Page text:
Shifting to petrochemicals not only requires changes to existing configurations along with challenges faced complying with strict petrochemical specifications. Crude oil refining processes cater to crude feedstock with lesser impurities compared to petrochemical naphtha, so they are designed accordingly.

Petrochemical grade naphtha is typically composed of the lighter fraction of straight-run naphtha, wherein a cause of concern is the stringent compliance of carbon disulphide (CS2) in the naphtha. It was quickly recognised that CS2 is a potent poison to catalysts used in Ziegler-Natta petrochemical processes. CS2 is also known to induce fragility and imperfections in the polymeric chain, primarily in isoprene, an intermediate to rubber production.

The lighter naphtha fractions carry most of the CS2 due to the temperature range in which the CS2 boiling point lies. Moreover, CS2 remains chemically stable in the steam cracking process. Because of these negative consequences, controlling CS2 in petrochemical grade naphtha is a cause of concern and needs to be managed very wisely.

Sources contributing to the presence of CS2 in petrochemical naphtha include:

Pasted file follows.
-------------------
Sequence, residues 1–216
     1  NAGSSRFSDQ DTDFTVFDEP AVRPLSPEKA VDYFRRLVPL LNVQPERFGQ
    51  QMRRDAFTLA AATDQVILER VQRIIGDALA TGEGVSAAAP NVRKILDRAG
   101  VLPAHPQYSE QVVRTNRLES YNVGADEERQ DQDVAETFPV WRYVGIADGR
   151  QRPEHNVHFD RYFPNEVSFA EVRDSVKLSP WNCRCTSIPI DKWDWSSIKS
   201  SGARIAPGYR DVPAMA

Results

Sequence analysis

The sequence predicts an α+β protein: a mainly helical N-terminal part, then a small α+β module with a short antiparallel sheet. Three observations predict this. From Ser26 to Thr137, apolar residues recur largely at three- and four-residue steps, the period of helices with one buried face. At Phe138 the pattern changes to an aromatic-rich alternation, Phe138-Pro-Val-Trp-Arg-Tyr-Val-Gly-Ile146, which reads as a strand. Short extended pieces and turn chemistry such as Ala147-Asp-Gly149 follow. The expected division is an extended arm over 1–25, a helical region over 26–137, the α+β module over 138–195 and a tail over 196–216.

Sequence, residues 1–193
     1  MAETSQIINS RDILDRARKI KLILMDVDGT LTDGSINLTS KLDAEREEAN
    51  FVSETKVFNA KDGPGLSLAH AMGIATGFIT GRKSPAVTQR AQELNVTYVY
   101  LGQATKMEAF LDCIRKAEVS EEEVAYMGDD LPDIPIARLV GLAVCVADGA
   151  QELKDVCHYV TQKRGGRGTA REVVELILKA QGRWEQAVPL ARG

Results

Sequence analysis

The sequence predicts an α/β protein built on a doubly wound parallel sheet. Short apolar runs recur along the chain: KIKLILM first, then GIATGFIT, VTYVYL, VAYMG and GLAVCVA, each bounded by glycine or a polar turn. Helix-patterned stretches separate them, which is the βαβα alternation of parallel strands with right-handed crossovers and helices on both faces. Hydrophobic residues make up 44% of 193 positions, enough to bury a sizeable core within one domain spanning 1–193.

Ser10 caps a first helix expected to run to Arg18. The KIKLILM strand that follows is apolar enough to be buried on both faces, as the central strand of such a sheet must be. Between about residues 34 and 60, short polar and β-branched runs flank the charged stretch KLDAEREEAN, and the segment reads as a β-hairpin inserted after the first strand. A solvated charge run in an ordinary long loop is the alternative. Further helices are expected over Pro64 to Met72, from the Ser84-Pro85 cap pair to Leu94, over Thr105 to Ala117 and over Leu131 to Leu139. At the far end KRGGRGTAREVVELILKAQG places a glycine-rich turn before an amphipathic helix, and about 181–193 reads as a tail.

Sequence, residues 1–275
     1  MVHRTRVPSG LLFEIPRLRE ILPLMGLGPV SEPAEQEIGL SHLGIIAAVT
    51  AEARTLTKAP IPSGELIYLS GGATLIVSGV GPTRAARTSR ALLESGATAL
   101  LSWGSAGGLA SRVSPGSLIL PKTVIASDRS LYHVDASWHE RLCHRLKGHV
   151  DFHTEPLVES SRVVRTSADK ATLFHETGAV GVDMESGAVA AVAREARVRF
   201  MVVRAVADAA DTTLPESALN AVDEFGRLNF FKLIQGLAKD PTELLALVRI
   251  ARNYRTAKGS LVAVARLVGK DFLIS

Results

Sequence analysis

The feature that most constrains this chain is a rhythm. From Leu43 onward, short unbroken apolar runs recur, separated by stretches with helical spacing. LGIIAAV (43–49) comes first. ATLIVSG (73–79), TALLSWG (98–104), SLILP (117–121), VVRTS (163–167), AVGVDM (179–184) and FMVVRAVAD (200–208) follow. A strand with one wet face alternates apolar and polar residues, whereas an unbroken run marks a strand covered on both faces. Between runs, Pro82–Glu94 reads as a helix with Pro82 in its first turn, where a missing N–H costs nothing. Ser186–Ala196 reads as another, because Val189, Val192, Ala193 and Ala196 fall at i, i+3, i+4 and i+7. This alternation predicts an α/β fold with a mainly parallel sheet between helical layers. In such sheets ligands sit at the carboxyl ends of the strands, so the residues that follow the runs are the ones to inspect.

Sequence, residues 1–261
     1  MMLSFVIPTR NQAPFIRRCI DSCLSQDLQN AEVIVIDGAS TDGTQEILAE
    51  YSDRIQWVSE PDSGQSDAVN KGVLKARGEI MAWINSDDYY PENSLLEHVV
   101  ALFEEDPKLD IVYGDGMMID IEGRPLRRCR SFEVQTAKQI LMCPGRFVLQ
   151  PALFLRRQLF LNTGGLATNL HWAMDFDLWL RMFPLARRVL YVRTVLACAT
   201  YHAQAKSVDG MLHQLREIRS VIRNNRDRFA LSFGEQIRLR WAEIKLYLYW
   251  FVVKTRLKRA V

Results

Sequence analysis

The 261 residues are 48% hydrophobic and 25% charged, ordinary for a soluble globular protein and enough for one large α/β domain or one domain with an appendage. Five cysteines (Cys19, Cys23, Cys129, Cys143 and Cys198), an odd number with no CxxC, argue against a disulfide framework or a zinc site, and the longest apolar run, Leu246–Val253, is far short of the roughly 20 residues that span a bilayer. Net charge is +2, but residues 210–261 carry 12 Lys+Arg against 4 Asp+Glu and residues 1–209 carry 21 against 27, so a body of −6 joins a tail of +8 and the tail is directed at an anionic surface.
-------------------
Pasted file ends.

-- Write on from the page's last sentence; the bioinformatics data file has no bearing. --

- Crude oil reserves
- Natural gas liquids (NGLs)
- Refinery processes
- Shale fracking solvents.

There are multiple reasons for CS2 entrainment in crude, including the use of formaldehyde additives to counter extraction difficulties caused by the presence of hydrogen sulphides and heavy metals amines. These bespoke additives tend to react with crude oil and form complex compounds, which eventually crack and release CS2. The presence of CS2 is sometimes directly related to the naphtha source.

Catalyst deactivation by CS2
It has been observed that H2S has the strongest catalyst poisoning effect and CS2 has the second strongest. Reactor temperature must be increased in the presence of a few ppm of CS2 in the feed to compensate for the catalyst deactivation. With CS2 present in the feed above the defined specifications, the catalyst activity shifts from  the top part of the catalyst bed to the bottom part. This is strong enough evidence to show CS2’s harmful impact on catalyst activity when considering that the top bed deactivates at only a few parts per million of CS2.